Monday, January 31, 2011

Turkey Tetrazzini

Turkey tetrazzini was something my family never really made growing up. One of my friend's mothers used to make it but I don't think I actually ever had it. I can just recall my friend speaking of it with a far-off look in his eye like he was speaking about some ancient religious relic from his people's past.

So it was that I gave a quick glance at a recipe and figured out that it's actually quite a simple dish. It's basically like making a creamy mushroom soup, adding pasta to it, and baking it in the oven.

Even I could do that!



Before I served up the dish I made this salad with kale, arugula, balsamic glaze, pears, Parmigiano-Reggiano, olive oil, salt, and pepper.



Supposedly turkey tetrazinni is named after an opera star named Luisa Tetrazinni though it is debatable whether it was invented in San Francisco or New York City. I'm going with New York City as that's where my allegiances lie.

What I did was caramelize some shallots and garlic in olive oil and butter then add crimini, shiitake, portobello, and chanterelle mushrooms. I also threw in a little dried thyme and sage and some duck stock I'd made a few nights ago after our roast duck from last week. Then I reduced this down, added skim milk, porcini dust, and finally thickened the mixture with a butter roux.

In another pan I cooked some red peppers which I'd forgotten to add initially. I then added them to the mixture with the frozen turkey meat from either Canadian or American Thanksgiving (I can't remember), a few glugs of dry sherry and a good amount of Parmigiano-Reggiano.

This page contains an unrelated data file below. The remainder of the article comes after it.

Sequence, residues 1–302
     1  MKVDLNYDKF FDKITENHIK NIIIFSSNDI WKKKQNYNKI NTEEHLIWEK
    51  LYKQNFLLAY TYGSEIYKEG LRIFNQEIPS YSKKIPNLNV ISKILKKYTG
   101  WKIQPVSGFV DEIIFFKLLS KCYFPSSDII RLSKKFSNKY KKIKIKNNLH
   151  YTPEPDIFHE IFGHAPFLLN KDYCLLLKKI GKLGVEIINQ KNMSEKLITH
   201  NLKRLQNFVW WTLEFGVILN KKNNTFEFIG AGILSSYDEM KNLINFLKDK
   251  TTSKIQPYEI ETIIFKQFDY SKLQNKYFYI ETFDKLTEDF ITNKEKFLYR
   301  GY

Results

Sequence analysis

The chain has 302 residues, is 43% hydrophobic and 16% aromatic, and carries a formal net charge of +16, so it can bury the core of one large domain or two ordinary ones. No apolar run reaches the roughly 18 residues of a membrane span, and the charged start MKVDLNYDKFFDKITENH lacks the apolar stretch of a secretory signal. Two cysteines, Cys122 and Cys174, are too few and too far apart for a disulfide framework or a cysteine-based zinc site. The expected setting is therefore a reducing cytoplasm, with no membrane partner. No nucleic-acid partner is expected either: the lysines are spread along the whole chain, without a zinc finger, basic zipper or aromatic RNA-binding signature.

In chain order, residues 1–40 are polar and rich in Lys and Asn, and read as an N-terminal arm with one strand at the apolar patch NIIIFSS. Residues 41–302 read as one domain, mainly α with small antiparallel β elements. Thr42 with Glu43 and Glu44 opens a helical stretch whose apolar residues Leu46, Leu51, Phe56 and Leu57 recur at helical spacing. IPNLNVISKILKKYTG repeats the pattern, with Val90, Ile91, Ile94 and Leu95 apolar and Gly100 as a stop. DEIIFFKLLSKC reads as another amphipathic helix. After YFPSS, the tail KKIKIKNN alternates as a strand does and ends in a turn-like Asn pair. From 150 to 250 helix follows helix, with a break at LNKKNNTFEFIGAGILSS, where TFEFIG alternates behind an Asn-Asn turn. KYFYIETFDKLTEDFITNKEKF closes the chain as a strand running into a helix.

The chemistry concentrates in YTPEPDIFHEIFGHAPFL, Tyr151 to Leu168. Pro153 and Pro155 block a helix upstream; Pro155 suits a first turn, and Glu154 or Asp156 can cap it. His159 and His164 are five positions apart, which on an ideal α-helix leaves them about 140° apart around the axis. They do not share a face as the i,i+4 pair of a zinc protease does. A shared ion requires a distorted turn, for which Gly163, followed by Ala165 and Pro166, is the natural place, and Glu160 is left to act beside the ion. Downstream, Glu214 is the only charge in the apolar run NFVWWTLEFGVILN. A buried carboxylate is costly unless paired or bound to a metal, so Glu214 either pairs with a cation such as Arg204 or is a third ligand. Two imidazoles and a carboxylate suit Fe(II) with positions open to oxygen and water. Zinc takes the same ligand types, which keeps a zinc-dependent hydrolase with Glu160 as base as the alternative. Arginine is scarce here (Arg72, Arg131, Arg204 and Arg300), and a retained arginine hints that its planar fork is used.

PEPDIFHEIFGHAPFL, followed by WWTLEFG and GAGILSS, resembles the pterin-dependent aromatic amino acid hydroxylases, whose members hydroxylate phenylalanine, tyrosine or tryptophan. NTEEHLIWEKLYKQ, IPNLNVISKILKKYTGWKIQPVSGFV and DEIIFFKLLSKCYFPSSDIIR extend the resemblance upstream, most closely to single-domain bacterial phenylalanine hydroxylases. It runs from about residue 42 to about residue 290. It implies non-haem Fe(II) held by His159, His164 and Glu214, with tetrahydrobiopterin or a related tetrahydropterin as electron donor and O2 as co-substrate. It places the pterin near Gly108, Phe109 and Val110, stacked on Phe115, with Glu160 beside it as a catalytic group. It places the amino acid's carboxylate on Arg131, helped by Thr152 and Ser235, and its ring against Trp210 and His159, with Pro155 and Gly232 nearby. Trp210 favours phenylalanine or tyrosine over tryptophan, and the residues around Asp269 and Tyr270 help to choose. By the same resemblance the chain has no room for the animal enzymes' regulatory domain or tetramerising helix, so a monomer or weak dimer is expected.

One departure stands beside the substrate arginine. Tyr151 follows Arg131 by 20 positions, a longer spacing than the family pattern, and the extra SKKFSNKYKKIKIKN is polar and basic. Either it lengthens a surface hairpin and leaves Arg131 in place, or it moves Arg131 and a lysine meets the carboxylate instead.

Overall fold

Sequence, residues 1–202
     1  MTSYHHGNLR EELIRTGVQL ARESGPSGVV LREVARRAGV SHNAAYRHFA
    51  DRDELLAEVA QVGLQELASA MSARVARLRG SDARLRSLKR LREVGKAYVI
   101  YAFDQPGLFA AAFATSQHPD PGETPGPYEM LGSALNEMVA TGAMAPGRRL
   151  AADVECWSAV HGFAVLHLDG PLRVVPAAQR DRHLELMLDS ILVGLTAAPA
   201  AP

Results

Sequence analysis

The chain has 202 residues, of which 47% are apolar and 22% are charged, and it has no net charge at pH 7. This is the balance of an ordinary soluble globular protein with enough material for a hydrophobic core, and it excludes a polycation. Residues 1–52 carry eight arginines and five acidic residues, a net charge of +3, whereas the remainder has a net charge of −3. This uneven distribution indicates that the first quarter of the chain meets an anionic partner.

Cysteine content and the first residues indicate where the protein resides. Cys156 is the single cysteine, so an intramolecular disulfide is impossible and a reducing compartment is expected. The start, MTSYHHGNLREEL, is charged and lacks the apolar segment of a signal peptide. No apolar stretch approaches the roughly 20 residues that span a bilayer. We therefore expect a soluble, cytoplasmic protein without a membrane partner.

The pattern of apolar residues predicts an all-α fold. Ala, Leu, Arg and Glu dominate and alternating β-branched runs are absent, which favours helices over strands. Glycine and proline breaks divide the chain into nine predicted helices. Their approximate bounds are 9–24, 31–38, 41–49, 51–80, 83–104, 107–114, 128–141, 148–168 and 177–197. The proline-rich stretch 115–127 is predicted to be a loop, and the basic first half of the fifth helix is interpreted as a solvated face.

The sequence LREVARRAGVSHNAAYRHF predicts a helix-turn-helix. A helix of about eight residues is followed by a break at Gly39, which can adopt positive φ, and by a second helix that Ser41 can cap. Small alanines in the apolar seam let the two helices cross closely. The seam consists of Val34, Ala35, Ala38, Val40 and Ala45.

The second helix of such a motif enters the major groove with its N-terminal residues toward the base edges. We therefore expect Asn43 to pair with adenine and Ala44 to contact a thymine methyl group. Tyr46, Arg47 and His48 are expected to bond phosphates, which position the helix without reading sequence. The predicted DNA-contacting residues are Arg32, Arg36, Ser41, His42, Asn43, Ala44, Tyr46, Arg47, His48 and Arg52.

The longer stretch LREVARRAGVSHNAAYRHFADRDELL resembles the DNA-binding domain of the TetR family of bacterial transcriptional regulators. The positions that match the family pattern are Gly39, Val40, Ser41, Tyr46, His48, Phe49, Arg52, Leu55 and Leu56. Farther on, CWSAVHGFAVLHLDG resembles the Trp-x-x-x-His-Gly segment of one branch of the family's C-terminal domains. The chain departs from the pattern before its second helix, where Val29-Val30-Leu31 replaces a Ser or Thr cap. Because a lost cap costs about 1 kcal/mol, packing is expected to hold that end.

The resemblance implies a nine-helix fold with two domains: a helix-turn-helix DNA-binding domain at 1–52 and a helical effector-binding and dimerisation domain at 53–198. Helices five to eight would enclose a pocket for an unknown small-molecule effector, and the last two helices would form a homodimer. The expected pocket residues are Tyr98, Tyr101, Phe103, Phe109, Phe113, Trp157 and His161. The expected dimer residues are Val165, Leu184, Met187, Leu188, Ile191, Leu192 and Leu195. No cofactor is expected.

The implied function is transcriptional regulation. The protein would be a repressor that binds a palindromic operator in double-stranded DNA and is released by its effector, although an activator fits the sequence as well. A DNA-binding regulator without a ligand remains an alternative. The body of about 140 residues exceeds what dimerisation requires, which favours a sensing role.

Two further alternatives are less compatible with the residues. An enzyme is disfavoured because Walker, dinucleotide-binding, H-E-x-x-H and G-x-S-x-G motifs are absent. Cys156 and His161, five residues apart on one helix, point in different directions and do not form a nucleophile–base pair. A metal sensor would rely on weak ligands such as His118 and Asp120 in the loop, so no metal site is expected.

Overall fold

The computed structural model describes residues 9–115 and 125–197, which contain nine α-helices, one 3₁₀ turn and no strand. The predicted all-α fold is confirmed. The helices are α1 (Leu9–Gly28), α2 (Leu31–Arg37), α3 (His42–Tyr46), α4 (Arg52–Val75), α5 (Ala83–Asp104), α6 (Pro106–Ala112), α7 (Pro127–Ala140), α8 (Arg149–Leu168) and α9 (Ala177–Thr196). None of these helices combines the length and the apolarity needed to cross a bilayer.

I then paused to take advantage of my brand new glasses with some of the sherry, even though I'm not a huge fan of the fortified wine.

After that I cooked some spaghetti, tossed it in with the sauce and some fresh peas, then topped it with bread crumbs before baking it in the oven for a bit. I did forget to add the almonds to the dish. While there's no real set standard for this dish they are usually an element. I had plenty of almonds but my forgetfulness got the best of me.



The result was pretty good but a little less saucy than I would have thought it would be. Also, I think I could have done without the turkey. Months old frozen turkey, it turns out, is not so much an additive to a pasta dish so much as it is a subtractive.



In an effort to clean out the fridge from the scores of individual beers I had the "Old Brown Dog" from Smuttynose. It was a very nice brown ale, though probably not the best accompaniment for a creamy pasta dish with mushrooms.

But, hey, sometimes you have to let old brown dogs lie.

(I'm sorry about that last line.)

2 comments:

Lisa Marie said...

Any ingredient with dust in its name makes me snicker. Same with like 'bee pollen". It's like, woaah should I take my allergy medicine before eating this, dust and pollen are two of my irritants.

Nate said...

It is great that you have favorite irritants.